PRESS RELEASE: Senator Nelson Urges the USDA to Stop Recommending DDT | 1966
SENATOR GAYLOED NELSON
404 SENATE OFFICE BUILLING
WASHINGTON, D. C.
For Release Sunday, June 19, 1966
by Roger Blobaum, staffer for Senator Gaylord Nelson
WASHINGTON, D.C. — Senator Gaylord Nelson has urged the U. S. Department of Agriculture to stop recommending DDT for use by home gardeners, farmers, and others in combating insect pests.
“In view of the overwhelming evidence of damage to the environment and the dangers of DDT contamination of feed and food,” Nelson wrote Secretary of Agriculture Freeman, “I would appreciate your comments on the possibility of dropping DDT as a recommended pesticide in all cases.” Nelson’s letter to Freeman was released by Nelson’s office.
Nelson said the government “should be setting an example if we are to reduce the damage this harmful pesticide is causing. ”
Nelson said he was surprised recently to discover that the Agriculture Department still recommends DDT for widespread commercial use.
“An examination of the official USDA publication on this subject … shows 366 instances where DDT still is officially recommended,” he wrote.
“I am advised that this is the guide now used throughout the country and that no supplements have been issued since publication in May, 1965.”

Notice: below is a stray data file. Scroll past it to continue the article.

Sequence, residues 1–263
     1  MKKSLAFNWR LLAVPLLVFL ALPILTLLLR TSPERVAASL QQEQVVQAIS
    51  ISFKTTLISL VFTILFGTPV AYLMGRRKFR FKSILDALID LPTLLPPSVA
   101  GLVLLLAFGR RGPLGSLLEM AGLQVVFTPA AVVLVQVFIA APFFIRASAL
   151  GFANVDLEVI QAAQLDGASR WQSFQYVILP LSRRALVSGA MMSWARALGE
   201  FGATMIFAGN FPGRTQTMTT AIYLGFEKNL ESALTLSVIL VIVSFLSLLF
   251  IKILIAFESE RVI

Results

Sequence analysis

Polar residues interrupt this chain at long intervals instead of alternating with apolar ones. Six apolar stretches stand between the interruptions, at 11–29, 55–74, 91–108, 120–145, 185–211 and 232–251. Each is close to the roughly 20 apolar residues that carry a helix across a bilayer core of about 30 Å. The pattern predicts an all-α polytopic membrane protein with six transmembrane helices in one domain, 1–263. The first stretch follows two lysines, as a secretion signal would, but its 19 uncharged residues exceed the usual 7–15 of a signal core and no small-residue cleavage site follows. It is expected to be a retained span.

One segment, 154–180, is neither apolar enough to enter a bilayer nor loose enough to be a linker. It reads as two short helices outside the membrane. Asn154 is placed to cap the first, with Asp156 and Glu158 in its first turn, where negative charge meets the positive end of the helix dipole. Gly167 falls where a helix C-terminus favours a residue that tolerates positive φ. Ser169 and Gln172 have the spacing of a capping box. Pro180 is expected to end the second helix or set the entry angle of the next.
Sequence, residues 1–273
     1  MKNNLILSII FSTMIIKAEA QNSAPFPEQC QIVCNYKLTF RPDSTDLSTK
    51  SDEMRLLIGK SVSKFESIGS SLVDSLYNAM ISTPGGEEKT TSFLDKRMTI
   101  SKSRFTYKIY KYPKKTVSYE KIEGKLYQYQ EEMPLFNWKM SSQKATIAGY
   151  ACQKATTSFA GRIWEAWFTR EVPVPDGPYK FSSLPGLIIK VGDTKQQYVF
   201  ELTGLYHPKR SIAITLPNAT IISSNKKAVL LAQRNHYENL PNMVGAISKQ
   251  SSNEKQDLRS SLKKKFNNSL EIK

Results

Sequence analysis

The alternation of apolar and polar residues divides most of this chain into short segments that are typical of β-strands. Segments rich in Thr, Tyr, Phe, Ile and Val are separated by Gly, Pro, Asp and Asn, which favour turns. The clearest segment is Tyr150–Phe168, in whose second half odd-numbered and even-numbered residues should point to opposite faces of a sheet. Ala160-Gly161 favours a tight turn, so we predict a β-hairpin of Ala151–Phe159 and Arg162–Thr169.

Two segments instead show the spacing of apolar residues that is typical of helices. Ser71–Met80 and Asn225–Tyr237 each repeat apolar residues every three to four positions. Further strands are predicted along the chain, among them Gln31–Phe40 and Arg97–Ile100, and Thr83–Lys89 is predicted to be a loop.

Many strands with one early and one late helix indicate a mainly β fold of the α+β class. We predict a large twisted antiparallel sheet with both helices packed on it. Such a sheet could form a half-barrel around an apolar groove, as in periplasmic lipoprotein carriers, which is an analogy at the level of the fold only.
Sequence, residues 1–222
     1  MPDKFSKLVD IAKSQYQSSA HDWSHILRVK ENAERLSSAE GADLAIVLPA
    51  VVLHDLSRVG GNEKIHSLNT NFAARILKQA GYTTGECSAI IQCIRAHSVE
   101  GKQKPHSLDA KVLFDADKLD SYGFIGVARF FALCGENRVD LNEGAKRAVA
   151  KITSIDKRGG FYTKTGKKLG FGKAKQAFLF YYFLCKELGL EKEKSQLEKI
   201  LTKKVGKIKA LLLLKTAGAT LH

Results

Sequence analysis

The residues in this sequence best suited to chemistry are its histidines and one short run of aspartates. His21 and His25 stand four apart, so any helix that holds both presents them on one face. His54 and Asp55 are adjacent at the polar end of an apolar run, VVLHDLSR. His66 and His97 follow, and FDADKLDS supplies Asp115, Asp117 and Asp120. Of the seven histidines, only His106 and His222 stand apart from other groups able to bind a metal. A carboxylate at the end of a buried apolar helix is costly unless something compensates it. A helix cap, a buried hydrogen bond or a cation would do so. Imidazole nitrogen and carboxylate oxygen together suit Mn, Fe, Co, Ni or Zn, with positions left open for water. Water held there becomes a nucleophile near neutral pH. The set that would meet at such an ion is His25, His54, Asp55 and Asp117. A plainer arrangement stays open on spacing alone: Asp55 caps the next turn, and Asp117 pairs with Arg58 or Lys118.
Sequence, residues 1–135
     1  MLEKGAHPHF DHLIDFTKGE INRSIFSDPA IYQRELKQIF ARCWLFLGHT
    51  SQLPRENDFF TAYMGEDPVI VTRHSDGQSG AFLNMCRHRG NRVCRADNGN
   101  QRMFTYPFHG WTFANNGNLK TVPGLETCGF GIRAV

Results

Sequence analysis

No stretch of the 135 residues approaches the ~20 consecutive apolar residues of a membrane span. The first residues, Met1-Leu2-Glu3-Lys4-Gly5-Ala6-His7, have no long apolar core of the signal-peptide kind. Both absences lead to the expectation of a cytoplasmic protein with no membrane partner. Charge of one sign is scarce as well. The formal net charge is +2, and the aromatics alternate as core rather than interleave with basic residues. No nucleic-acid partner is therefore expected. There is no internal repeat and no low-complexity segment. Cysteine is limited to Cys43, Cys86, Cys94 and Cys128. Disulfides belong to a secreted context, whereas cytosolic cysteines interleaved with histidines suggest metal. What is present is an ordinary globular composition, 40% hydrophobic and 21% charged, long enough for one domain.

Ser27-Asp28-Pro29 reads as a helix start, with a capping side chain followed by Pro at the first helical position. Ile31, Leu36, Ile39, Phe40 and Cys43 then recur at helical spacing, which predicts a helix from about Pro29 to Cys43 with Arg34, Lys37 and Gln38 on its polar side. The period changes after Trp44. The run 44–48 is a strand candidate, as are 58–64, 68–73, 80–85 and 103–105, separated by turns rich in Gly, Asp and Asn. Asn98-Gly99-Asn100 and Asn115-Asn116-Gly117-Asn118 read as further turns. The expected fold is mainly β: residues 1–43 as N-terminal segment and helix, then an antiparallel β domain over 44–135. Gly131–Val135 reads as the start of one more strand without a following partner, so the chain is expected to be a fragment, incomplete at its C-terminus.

Nelson said less harmful pesticides are recommended along with DDT in 343 of the 366 situations and that it is likely that new pesticides put on the market since May 1965, could replace DDT in all the other cases as well.
“New less persistent pesticides, such as Sevin, are introduced commercially every year,” Nelson said, “and it seems logical that the Department would recommend them in all cases where they could replace older pesticides that leave harmful residues in the environment.”
Nelson noted that the Agriculture Department includes stern warnings in its publication regarding the use of DDT in agriculture. These warnings, he said, include such statements as:
“Do not use cottonseed treated with DDT for food or feed;” “Do not feed clover plants treated with DDT, or ensilage made with treated plants, to poultry, dairy animals, or animals being finished for slaughter;” Do not apply DDT to forage to be sold or shipped interstate;” and “Do not use DDT after appearance of any part to be eaten.” Nelson said he had become greatly concerned in recent months over reports that DDT is doing great harm to the environment.
“This highly persistent pesticide, although used commercially only a few years, now is found in the fatty tissues of organisms throughout the world,” he wrote Freeman.
“Heavy losses of fish and wildlife due to this contamination have been carefully documented. ”
Nelson said DDT is so much more damaging than other commonly used pesticides “that it is in a class by itself, ”
“It is so harmful,” he said, “because it becomes highly concentrated in fish and wildlife through biological magnification, becomes highly toxic in combination with other chemicals, is soluble in the fat of organisms, and is a broad spectrum pesticide that kills friendly insects as well as target pests.”
The official USDA publication Nelson referred to is “Suggested Guide for the Use of Insecticides to Control Insects Affecting Crops, Livestock and Households 1965”. It is Agriculture Handbook No. 290, carrying a May 1965, date.